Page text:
Saving endangered tortoises in the Caucasus

These 38 one-year-old spur-thighed tortoises subspecies (testudo graeca nikolskii) were born in the enclosure of the rehabilitation center at Safari Park in 2014 and successfully survived the winter. The scheduled survey was combined with giving them a bath.Since 2004 with unfailing support of the International Fund for Animal Welfare (IFAW) the project “Attention! Tortoises!” has worked tirelessly to research, rescue and promote the conservation of spur-thighed tortoises (testudo graeca) in the Caucasus.

For more than 10 years we have partnered with Safari Park in Gelendzhik, Krasnodar Krai, where a rehabilitation center was established for spur-thighed tortoises transferred there by the local residents or confiscated from illegal trade.

At this time, 38 charming one-year-old little tortoises live there! If 2015 proves to be as successful as last year, we will start seriously preparing for release of the grown up tortoises back to the wild within 3-5 years.

Although geographically widespread, the species is listed in the IUCN Red List of Threatened Species, Appendix II of the Convention on International Trade in Endangered Species of Wild Fauna and Flora, Appendix II of the Berne Convention, the Red List of the Russian Federation and the regional Red-lists of the Krasnodar Krai and the Republic of Dagestan. According to assessment by leading experts the tortoise is a species of reptiles at the highest risk of extinction in the territory of the Russian Federation.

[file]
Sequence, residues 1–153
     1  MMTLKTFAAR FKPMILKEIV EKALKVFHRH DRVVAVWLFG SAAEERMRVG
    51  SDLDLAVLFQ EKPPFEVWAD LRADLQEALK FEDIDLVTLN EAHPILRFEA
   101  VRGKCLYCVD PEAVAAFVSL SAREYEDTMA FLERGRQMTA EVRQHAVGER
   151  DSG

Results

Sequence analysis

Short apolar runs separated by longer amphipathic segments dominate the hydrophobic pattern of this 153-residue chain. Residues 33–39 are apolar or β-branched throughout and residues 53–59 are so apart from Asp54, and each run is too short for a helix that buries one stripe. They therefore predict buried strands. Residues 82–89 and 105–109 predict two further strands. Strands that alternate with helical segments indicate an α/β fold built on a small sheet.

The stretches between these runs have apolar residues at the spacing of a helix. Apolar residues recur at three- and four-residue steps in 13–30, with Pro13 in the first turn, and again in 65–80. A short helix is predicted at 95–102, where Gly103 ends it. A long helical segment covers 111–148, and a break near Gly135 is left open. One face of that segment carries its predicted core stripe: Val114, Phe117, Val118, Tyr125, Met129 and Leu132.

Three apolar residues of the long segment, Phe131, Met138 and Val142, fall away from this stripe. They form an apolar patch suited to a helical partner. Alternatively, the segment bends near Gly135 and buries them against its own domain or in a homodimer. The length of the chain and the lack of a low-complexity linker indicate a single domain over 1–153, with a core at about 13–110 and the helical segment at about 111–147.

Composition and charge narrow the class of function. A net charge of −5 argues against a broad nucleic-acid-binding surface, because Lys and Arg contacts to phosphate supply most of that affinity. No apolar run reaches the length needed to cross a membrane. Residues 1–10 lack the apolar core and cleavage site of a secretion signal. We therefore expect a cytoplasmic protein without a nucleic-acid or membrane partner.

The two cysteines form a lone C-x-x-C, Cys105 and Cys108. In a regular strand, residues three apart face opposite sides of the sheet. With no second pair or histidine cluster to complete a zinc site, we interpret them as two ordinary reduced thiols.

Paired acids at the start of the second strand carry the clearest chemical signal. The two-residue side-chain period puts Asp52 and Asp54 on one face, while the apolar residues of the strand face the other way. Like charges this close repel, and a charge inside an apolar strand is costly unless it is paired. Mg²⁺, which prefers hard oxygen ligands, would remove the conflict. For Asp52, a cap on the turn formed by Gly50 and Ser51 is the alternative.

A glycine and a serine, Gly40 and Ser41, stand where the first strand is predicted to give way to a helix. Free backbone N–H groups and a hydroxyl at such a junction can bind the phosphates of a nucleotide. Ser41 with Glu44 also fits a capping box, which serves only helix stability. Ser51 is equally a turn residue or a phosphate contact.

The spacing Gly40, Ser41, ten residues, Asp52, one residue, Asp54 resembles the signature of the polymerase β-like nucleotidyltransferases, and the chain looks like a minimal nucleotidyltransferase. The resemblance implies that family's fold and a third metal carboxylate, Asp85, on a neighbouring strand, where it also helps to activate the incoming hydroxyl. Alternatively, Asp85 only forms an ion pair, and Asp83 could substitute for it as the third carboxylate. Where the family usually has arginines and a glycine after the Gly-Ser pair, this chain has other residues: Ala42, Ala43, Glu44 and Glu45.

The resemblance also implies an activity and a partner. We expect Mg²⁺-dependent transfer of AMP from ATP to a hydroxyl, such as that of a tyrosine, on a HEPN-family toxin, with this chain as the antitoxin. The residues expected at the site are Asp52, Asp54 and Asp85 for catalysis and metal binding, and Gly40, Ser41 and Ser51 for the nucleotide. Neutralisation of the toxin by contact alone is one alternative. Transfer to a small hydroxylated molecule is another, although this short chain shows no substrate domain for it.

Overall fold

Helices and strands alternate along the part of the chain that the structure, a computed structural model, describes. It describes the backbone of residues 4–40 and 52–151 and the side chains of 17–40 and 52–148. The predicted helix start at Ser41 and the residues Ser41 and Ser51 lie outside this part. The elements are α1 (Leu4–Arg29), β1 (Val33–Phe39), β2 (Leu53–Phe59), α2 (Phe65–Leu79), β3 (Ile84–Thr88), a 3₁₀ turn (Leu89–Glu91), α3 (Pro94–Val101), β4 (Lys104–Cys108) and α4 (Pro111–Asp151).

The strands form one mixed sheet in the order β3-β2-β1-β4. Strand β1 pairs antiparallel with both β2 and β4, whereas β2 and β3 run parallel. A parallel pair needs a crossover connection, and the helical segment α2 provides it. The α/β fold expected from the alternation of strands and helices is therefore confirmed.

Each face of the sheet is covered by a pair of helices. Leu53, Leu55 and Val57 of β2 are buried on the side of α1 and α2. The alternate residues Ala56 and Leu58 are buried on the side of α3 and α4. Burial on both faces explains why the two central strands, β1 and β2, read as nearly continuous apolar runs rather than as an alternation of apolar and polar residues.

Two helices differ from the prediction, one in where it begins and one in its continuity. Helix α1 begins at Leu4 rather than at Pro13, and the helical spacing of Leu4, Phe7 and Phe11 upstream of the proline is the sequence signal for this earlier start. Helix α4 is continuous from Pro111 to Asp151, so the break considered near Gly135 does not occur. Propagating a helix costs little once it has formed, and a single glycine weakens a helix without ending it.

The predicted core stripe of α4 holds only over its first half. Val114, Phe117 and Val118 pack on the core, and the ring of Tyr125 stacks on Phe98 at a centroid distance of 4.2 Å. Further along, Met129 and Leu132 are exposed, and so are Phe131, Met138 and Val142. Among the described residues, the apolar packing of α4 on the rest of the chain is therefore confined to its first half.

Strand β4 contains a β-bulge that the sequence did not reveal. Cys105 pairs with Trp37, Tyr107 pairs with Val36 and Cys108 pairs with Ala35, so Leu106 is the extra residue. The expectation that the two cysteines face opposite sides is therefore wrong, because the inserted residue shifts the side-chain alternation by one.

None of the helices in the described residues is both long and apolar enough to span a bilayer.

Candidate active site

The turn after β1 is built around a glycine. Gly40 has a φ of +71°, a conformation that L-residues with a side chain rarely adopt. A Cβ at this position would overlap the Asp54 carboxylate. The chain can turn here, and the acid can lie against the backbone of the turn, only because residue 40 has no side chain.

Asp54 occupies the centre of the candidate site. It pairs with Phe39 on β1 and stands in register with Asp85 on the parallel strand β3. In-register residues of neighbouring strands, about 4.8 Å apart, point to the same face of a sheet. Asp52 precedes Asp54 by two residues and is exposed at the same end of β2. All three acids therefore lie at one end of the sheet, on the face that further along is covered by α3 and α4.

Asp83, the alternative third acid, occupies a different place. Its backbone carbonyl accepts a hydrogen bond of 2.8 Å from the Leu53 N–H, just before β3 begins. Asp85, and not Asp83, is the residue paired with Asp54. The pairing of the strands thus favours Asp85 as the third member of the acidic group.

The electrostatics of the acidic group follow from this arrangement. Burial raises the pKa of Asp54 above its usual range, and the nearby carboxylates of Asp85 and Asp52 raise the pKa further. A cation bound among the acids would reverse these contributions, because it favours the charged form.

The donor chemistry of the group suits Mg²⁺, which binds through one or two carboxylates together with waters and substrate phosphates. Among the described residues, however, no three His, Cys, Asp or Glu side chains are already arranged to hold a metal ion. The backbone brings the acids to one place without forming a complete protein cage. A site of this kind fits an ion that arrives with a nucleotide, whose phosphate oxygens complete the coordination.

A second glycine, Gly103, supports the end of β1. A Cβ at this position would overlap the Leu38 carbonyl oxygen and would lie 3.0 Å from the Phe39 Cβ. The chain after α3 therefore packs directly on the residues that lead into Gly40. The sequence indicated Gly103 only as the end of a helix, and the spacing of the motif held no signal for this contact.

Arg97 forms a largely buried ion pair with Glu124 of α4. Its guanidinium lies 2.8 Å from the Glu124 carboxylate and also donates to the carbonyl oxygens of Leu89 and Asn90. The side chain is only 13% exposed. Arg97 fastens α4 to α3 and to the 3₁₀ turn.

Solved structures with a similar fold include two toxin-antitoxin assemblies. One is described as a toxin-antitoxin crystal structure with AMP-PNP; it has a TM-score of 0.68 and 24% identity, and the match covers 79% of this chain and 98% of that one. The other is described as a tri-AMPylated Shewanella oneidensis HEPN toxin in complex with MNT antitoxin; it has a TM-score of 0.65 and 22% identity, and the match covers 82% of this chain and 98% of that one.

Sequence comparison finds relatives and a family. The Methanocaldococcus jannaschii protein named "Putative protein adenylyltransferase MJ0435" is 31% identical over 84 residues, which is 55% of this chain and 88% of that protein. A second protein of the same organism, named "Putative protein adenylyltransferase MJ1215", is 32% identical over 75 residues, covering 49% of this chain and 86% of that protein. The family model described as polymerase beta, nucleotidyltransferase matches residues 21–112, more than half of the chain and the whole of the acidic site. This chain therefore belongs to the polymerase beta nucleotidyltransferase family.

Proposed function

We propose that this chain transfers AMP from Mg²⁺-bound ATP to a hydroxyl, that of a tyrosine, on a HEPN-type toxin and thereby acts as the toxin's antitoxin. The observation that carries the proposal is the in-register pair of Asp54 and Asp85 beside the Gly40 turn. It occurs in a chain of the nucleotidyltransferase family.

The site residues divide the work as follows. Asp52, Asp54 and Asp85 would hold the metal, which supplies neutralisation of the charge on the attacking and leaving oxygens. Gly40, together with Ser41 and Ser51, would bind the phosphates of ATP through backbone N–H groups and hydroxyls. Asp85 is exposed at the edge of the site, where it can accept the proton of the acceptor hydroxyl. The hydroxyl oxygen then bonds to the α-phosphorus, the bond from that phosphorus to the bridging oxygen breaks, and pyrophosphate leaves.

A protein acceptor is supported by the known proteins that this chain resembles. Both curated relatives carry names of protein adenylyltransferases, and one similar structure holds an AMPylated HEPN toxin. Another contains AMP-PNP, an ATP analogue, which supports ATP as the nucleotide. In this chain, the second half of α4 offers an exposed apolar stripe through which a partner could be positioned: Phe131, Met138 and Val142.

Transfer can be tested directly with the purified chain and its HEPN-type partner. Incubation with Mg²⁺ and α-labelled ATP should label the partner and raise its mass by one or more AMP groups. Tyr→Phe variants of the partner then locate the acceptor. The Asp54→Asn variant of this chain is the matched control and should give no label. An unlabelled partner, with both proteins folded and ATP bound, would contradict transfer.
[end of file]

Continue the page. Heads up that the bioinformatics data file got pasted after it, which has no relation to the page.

The main causes for population decline and for shrinking and fragmentation of the habitat of the spur-thighed tortoises is human-induced transformation and destruction of its habitat and illegal capture of the animals for the pet trade.

At Safari Park, newly arriving reptiles are quarantined and provided with veterinary care in case they need it. A long-nurtured dream of ours is the establishment of a fully-fledged center for keeping and breading testudo graeca nikolskii subspecies at the rehabilitation center under semi-free conditions.

The southern slope of the Markotkh Range, where Safari Park is situated, maintains a relatively large and stable population of these reptiles, which means conditions for them are quite beneficial. Similar centers exist in a number of countries and have a good track record as conservation and rehabilitation hubs for endangered species of tortoises. These centers ensure optimum conditions and most importantly protect the tortoises from predators during the first years of life, which increases their survival.

Young tortoises have a wonderful appetite, and in the first years of life they grow particularly fast. The larger a tortoise is the fewer natural predators it has.

Young tortoises are kept separately from adult ones in a special enclosure, which keeps them safe from any predators.


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Azzedine Downes,IFAW President and CEO
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